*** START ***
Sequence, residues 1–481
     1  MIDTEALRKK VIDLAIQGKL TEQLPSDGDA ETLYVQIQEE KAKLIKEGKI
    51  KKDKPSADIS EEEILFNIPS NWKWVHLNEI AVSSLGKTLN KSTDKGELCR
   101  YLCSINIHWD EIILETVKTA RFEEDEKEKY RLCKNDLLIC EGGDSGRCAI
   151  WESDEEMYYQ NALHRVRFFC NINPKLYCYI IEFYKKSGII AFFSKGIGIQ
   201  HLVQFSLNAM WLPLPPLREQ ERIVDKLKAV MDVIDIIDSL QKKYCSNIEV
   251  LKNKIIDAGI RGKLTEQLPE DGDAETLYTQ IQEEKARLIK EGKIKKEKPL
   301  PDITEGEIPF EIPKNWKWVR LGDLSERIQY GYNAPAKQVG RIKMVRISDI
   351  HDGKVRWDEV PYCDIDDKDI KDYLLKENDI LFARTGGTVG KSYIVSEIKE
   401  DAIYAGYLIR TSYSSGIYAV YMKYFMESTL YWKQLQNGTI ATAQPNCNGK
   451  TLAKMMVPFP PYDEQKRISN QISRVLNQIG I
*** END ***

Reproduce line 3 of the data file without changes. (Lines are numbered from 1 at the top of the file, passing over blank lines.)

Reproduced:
    51  KKDKPSADIS EEEILFNIPS NWKWVHLNEI AVSSLGKTLN KSTDKGELCR